Breaking with the models expounded by what he calls the “Age of Revolutions” and “Incipient Nationalism” theses, Simon instead posits that we should consider the commonalities among the American independence movements themselves. He makes his case by analyzing the specific role played by Creoles, and their position within colonial empires. Essentially, Simon links the Creole revolutions by showing how various revolutionary leaders reacted the inherent contradictions caused by revolution in the context of the Creole classes positioning between the European colonizer and the American colonized. For the Creole class, the dilemma was: “How to end European rule of the Americas without undermining Creole rule in the Americas?”

Drawing on the revolutionary figures Alexander Hamilton, Simón Bolívar and Lucas Alamán, Simon characterizes American and Latin American independence movements as both “anti-imperial and imperial at the same time.” He then points out how shared political thought manifested itself in the justification of independence, the constitutions of these nascent governments, and their early foreign policy positions.

You can watch the full video of the event below:

Colloquium Series Part 2: Joshua Simon

On Monday, February 22nd at 6:00pm in the King Juan Carlos I of Spain Center, CLACS will welcome Columbia University’s Joshua Simon, who will present the second lecture of the Spring 2016 Colloquium SeriesPolitical Imaginaries across Latin America and the Caribbean. Professor Simon’s talk, entitled “The Ideology of Creole Revolution: Imperialism and the Independence in American and Latin American Political Thought,” will explore the similarities that existed among Creole revolutionaries during the independence movements that swept the American continent in the 18th and 19th centuries. Monday’s lecture is based on Simon’s work for an upcoming book, The Ideology of Creole Revolution: American Political Thought in Comparative Perspective (Columbia University Press).

Professor Simon explains the themes of his lecture and book:
headshotresize“This book manuscript proposes a new, unified interpretation of the leading ideas of the independence movements of the United States and Latin America. It takes as its point of departure the fact that all of the American independence movements were led by Creoles, the American-born descendants of European settlers. Creoles occupied a distinctive position within the social structure of the empires, simultaneously dominating fellow Americans of indigenous and African descent and dominated by fellow Europeans from the metropoles. I argue that this shared social position imposed common dilemmas on the independence movements’ political theorists, explaining key ideological similarities in their defenses of revolution, constitutional designs, and ideas about inter-American relations.  I illustrate my claims in three carefully chosen case studies of important Creole revolutionaries: Alexander Hamilton of the United States, Simón Bolívar of Venezuela, and Lucas Alamán of Mexico.”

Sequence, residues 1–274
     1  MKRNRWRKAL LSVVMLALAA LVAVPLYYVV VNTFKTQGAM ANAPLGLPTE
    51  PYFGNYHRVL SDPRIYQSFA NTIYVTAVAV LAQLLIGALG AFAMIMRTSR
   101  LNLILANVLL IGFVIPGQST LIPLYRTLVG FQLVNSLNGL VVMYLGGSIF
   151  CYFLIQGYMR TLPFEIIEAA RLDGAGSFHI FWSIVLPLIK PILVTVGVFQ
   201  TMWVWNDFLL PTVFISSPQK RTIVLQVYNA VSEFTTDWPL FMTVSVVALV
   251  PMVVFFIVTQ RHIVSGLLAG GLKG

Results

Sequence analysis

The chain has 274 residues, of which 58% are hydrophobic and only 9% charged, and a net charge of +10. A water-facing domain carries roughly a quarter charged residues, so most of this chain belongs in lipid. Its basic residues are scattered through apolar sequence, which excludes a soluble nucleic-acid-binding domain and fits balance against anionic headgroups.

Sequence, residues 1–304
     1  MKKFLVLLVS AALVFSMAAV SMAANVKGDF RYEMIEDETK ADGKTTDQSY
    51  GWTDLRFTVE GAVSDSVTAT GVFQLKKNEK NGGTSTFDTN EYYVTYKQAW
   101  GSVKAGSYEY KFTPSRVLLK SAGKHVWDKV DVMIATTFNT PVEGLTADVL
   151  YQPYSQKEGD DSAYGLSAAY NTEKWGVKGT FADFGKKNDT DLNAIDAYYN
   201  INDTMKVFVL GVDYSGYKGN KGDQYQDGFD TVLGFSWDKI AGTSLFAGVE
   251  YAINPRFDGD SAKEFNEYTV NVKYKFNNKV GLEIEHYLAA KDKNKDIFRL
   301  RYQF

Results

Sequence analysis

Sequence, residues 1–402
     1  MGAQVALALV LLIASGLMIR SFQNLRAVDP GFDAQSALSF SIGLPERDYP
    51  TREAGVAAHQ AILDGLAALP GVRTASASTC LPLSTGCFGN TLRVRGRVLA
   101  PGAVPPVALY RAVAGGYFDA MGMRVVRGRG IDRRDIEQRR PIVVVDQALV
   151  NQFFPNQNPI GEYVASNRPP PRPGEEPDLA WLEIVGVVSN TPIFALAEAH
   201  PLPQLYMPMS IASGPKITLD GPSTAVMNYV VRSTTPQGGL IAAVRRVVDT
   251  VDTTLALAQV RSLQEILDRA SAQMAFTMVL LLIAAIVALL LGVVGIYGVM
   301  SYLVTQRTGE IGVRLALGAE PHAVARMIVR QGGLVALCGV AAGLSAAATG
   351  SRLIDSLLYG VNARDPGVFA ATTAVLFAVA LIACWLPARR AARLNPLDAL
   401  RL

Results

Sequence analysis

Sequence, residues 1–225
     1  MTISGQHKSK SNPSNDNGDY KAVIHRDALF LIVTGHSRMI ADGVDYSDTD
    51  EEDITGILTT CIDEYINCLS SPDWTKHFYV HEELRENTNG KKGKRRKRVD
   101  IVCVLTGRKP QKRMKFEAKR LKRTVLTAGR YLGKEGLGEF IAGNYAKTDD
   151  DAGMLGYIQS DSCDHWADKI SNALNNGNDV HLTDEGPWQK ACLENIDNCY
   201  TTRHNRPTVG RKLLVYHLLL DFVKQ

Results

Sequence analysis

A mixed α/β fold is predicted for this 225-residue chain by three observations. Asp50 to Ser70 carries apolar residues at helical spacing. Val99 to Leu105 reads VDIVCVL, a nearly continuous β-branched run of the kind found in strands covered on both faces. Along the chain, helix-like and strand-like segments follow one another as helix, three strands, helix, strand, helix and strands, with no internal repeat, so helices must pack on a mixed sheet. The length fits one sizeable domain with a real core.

Joshua Simon (Ph.D., Yale) is an Assistant Professor of Political Science at Columbia University, specializing in political theory. He has held positions at King’s College London and the New School for Social Research. His research focuses on American and Latin American political thought, especially the ideas underlying the Americas’ revolutions, constitutions, and approaches to foreign policy. He has also studied American and Latin American adaptations of European traditions of political thought, including republicanism, liberalism, positivism, and Marxism. His work draws on the theories and methods of comparative political science and historical institutionalism, offering systematic accounts of the co-evolution of political ideologies and political institutions with both explanatory and critical intents.

After the lecture, Professor Simon will be joined by CLACS Faculty Fellow Edgardo Pérez Morales for a discussion and Q&A with the audience. The event is free and open to the public. For more information, click here to see the event page and RSVP here.

Colloquium Series Presentation: Irene Silverblatt

By Michael Cary, CLACS MA Student

On Monday, February 1st, CLACS inaugurated the Spring 2016 Colloquium Series with a presentation by Irene Silverblatt. The theme for this semester’s colloquium series is “Political Imaginaries Across Latin America and the Caribbean” and Silverblatt, a professor of cultural anthropology at Duke University, spoke on race thinking and Spanish colonial Peru.

Continue reading